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Software Architecture or Design


MC Creating Android Apps in Java NEW
Mark Meretzky, New York University
Mon, 06/02/2014 - 8:30am

Join Mark Meretzky to learn how to create Android apps using the Eclipse IDE on Mac, PC, or Linux. The apps Mark demonstrates are composed of objects written in Java, plus a screen layout in XML. Find out how the Java code manipulates the XML to present a user interface including buttons, sliders, and other widgets. Draw text and graphics, respond to a touch or keystroke, and recognize a swipe or pinch. Three important design patterns involve views, which are visible areas on the screen. (1) A listener is an object whose methods are called in response to a stimulus.

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ME Acceptance Test-Driven Development: Mastering Agile Testing SOLD OUT
Nate Oster, CodeSquads, LLC
Mon, 06/02/2014 - 8:30am

On agile teams, testers can struggle to keep pace with development if they continue employing a waterfall-based verification process—finding bugs after development. Nate Oster challenges you to question waterfall assumptions and replace this legacy verification testing with acceptance test-driven development (ATDD). With ATDD, you “test first” by writing executable specifications for a new feature before development begins.

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MO Essential Test-Driven Development
Rob Myers, Agile Institute
Mon, 06/02/2014 - 1:00pm

Test-driven development (TDD) is a powerful technique for combining software design, unit testing, and coding in a continuous process to increase reliability and produce better code design. Using the TDD approach, developers write programs in very short development cycles. The developer first writes a failing automated test case that defines a new function or improvement, then produces code to pass that test, and finally refactors the new code to acceptable standards. The developer repeats this process many times until the behavior is complete and fully tested.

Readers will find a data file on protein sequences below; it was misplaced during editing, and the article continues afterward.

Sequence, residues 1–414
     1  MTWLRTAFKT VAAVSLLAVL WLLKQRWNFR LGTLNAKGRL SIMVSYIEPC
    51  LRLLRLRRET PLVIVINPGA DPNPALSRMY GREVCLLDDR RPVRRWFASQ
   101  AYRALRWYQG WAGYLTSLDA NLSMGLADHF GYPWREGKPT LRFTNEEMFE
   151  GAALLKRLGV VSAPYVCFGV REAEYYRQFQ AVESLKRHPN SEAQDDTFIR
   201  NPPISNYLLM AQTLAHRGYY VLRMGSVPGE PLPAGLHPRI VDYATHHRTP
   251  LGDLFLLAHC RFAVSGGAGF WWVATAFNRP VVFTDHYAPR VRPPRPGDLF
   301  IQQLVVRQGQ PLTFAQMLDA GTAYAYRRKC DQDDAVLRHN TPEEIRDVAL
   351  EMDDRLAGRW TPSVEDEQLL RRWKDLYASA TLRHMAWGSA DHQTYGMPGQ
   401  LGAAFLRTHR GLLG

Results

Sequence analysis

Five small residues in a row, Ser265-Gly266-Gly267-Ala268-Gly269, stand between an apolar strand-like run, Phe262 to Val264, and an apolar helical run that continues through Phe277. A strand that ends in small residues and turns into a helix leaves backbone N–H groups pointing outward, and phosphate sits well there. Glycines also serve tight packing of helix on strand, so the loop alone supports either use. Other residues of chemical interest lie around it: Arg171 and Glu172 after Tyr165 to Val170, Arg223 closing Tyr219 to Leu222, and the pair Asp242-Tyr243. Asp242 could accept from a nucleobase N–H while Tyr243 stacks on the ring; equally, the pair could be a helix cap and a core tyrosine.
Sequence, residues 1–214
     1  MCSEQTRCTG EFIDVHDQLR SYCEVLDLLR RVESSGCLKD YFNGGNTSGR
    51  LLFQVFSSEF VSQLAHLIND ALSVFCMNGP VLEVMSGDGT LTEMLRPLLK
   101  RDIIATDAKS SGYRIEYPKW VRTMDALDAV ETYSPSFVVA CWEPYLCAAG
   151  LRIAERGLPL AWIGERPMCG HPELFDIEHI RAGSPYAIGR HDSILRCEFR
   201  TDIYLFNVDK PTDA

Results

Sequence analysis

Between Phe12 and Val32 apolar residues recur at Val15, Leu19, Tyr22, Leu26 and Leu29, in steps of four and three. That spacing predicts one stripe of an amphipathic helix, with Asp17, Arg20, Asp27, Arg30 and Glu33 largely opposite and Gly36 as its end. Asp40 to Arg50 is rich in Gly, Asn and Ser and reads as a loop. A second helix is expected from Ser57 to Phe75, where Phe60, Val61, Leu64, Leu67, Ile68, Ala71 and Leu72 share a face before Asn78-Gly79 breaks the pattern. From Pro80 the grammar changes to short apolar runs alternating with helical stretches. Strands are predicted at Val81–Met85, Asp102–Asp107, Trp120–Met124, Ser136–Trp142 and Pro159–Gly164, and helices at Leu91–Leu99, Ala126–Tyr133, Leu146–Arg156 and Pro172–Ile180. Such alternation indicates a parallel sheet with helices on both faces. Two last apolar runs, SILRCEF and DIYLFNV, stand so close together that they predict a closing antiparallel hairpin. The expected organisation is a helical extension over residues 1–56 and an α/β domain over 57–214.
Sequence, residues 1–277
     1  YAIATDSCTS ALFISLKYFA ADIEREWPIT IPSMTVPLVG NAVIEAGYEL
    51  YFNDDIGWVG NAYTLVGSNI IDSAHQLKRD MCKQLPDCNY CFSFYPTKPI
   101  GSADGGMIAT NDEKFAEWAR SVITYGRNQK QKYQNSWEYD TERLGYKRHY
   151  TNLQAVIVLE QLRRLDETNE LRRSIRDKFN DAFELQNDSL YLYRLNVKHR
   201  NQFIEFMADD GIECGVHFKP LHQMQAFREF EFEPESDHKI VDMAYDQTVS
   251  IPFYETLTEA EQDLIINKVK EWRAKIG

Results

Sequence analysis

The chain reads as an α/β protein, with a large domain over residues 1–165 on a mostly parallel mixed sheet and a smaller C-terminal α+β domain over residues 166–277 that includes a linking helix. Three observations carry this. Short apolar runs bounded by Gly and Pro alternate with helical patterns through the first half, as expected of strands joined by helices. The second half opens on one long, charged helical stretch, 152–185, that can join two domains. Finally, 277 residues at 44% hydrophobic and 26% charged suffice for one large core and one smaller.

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TA Requirements Engineering: A Hands-On Practicum
Erik van Veenendaal, Improve Quality IT Services BV
Tue, 06/03/2014 - 8:30am

Identifying, documenting, and communicating requirements are key to all successful IT projects. Common problems in requirements engineering are How do we discover the real requirements?, How do we document requirements?, and How do user stories, use cases, and epics fit into requirements? Erik van Veenendaal answers these questions and more while helping you improve your skills in requirements engineering for both traditional and agile projects. With practical case studies and hands-on exercises, Erik illustrates requirements issues and solutions.

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TC Leadership and Career Success—On Purpose NEW
James Whittaker, Microsoft
Tue, 06/03/2014 - 8:30am